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September 05, 1986 - Image 28

Resource type:
Text
Publication:
The Detroit Jewish News, 1986-09-05

Disclaimer: Computer generated plain text may have errors. Read more about this.

FRANKLIN X-RAY - ULTRASOUND

COMMENT

Servicing the community since 1976

• Immediate, High Quality Service - Convenient locations

(Between Northwestern Hwy. & Telegraph)

Radiologist

358-3410

THE WAITING GAME

AT

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4 41 •

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COME IN . . . HELP CELEBRATE OUR SEVENTH ANNIVERSARY .
WITH SAVINGS GALORE

30% OFF

ALL *FALL MATERNITY
CLOTHING
ALL INFANTS & TODDLER
OSHKOSH CLOTHING

40%

OFF

(EXCEPT DENIM OVERALLS)

Applegate Square, Northwestern & Inkster

352-9799

Mon.-Sat. 10-5

Thurs. 10-8





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Stop in and
CELEBRATE our

3

RD
ANNIVERSARY

Thanks to all of our valued customers, we're
Celebrating our 3rd anniversary in business with
a free drawing for 3 dazzling gifts.

1

ST PRIZE A

one carat round brilliant cut diamond
2 ND PRIZE A 14k contemporary gold ring
3 RD PRIZE A 14k gold ball beaded bracelet

No purchase necessary, just stop in during our normal
store hours, between August 14 and September 27
and fill out an entry form. Drawing will be held
Monday, September 29

BRUCE
WEISS

26325 Twelve Mile Road
Southfield, Michigan 48034
10:00-5:30 Monday-Saturday

PHONE

28

Friday, September 5, 1986

Continued from preceding page

J.M. Rosenfeld, M.D.

26206 W. 12 Mile Road., Suite 104

THE
WAITING
GAME

Jewish Agency

• Reports to your physician in 24 hours

• All Tests - Same Day
Franklin Medical Building

CUSTOM DESIGNED JEWELRY

in the Mayfair Shops at
Northwestern Highway

10:00-8:30 Thursday

(313) 353-1424

THE DETROIT JEWISH NEWS

-4

4z,, .

accident that in today's Israel
with its many problems, peo-
ple continue to turn to the
agency for help — in the
cities, in development towns,
in the settlements, in the
Galilee and the Negev.
When Prime Minister
Shimon Peres sought the best
talent in the Jewish world to
create his Economic Task
Force, it was natural that he
should turn to the Jewish
Agency leadership.
All the issues raised by
Hoffman, and many more are
part of the discussions in the
Jewish Agency Assembly
now going on. The assembly
has become probably the
largest and most represen-
tative forum in Jewish life to-
day. And the actions taken by

the assembly will be the sub-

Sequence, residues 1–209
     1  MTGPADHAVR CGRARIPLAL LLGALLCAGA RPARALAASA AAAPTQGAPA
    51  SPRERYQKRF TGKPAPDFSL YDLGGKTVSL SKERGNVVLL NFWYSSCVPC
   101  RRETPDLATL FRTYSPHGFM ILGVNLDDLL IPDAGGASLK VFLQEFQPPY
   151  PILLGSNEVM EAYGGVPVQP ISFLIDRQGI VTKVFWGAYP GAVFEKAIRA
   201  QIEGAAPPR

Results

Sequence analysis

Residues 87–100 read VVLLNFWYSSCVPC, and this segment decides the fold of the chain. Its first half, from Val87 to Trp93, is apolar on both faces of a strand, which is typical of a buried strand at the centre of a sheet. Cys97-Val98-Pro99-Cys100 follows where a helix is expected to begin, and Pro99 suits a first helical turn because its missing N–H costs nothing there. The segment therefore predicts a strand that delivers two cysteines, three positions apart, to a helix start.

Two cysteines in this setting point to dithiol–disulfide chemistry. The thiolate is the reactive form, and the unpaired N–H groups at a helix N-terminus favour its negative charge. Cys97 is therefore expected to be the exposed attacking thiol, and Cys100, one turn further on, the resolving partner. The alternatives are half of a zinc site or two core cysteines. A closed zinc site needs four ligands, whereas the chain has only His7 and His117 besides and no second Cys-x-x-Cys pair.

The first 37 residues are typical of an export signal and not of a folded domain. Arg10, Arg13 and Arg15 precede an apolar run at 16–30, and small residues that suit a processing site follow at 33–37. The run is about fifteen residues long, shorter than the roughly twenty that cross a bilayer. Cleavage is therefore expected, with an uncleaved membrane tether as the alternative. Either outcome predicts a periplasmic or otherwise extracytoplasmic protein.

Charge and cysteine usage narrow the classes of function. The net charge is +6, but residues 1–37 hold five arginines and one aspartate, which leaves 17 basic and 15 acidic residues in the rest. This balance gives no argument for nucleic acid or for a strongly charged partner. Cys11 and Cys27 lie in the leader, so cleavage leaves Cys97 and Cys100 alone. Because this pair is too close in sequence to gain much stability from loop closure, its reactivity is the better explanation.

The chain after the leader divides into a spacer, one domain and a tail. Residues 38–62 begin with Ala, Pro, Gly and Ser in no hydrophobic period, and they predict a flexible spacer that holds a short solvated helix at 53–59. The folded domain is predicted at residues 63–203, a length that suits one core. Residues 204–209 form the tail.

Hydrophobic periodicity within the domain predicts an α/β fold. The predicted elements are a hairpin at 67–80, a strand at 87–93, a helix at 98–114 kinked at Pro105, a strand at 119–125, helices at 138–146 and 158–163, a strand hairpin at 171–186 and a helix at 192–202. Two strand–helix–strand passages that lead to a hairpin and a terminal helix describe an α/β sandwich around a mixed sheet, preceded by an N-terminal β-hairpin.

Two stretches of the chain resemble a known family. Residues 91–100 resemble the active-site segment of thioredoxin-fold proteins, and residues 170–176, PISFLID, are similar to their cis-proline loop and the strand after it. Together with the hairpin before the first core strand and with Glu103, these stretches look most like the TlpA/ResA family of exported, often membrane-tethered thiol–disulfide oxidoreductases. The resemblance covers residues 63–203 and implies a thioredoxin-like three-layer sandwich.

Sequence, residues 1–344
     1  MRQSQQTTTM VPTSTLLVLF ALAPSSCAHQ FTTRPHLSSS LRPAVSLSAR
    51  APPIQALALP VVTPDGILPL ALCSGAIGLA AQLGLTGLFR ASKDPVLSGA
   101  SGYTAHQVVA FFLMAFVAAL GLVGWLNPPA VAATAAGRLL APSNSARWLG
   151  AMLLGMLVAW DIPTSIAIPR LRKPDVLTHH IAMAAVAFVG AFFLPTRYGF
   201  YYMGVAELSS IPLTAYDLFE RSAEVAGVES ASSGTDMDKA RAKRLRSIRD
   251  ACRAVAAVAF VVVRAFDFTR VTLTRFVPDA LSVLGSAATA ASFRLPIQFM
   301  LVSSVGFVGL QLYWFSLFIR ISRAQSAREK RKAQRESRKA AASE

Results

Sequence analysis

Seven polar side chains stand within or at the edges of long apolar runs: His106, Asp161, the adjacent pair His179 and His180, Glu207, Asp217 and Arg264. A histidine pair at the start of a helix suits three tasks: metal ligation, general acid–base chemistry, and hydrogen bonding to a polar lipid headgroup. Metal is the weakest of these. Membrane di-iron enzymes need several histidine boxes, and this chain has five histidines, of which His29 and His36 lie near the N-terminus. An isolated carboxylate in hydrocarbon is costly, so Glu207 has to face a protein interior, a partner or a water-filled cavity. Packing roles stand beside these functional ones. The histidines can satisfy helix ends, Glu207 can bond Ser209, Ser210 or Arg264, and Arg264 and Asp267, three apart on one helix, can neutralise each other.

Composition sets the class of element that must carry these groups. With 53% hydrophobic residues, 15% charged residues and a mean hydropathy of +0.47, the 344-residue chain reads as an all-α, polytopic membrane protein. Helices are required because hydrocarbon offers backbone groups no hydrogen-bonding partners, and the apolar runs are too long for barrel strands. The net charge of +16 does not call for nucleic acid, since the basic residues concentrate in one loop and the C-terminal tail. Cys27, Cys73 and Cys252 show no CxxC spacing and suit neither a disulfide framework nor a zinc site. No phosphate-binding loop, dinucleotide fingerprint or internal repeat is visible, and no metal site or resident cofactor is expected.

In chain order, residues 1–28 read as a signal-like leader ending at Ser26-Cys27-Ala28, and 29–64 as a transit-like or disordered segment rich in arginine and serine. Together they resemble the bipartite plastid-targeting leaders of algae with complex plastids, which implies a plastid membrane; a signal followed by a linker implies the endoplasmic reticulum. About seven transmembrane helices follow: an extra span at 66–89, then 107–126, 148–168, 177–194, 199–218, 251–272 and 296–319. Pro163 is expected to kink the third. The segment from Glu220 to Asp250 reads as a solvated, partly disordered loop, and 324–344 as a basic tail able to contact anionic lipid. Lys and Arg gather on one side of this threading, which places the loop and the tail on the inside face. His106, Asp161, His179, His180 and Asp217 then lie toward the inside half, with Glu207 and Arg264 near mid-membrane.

ject of deliberations and
guidelines for the board of
governors and the executive
to act upon throughout the
year.
It is in this spirit that the
Jewish Agency will continue
to fulfil its mandate to the
Jewish People.
But the Agency will not be
helped in its efforts if blame
is apportioned indiscrimi-
nately. Rather, let us face up,
together, to the problems
which affect us all, and let us
seek constructive ways of
each doing our share in their
solution.

The writers have been
associated with the Jewish
Agency for many years.

Plea For USSR Cancer
Victims Released

Boston (JTA) — One hun-
dred cancer specialists last
week signed letters to Presi-
dent Reagan and Soviet
leader Mikhail Gorbachev
urging that five refuseniks,
dying of cancer, be given per-
mission to leave the Soviet
Union to secure treatment
and join their families in the
West.
According to the World
Jewish Congress, the letters
were made public at a press
conference here and were a
follow-up to a June 12 Mos-
cow news conference where
three of the Jewish refuseniks
publicized their plight.
"Medicine should know no
border," said Dr. Norman
Sterns of Rifts University in
releasing the letters. The
scientists stressed that they
were "making a humanitarian
plea" and not a political state-

ment. "Every cancer patient
needs family support in their
personal struggle," added Dr.
Robert Schwartz, chief of the
Hematology Department at
the New England Medical
Center.
In their letter to Gor-
bachev, the doctors stressed
that "permitting reunifica-
tion of these families will be
a humanitarian action which
will be greatly appreciated by
all peace-loving people."
The doctors were joined at
the press conference by rela-
tives of a number of the pa-
tients, including Khanna Am-
binder, whose daughter Rim-
ma Brave, 31, is dying of
ovarian cancer. The other
cancer victims awaiting per-
mission to emigrate are:
Benjamin Charny, Tatyana
Bogomolny, Leah Maryasin
and Inna Meiman.

Quiet Diplomacy May
Open Doors, Hammer Says

lel Aviv (JTA) — American
magnate Armand Hammer
said here last week that he
was convinced that only quiet
diplomacy could open the
doors of the Soviet Union to
Russian Jewry emigration.
Hammer, who is to meet
Soviet leader Mikhail Gor-
bachev in Moscow soon, was
speaking to reporters after
receiving an honorary degree
from let Aviv University.
He said he intended speak-
ing to Gorbachev about per-
mitting direct flights from
Moscow to let Aviv to bring
Soviet Jewish immigrants
directly to Israel. "We want
to stem the dropping out, so
that Soviet Jews will see how
Israel prospers before they
make irrevocable decisions"
about settling elsewhere, he
said.

Hammer, 88, has been deal-
ing with every Soviet leader
since Lenin. He noted that
the Soviets had permitted
50,000 Jews to leave in one
year when the Nixon Admin-
istration was pursuing its
detente policy.
He said that Hungarian
leaders had recently mention-
ed the feasibility of flights for
Soviet Jews via Budapest to
Israel. He said he had also
heard Bucharest mentioned
as a possible transit point.
Hammer said he was not
taking any message from
Prime Minister Shimon Peres
to Gorbachev, but said he
would tell the Soviet leader of
Israel's strong desire for
peace.
Hammer said his business
affairs in Israel would now
concentrate in oil exploration.

1

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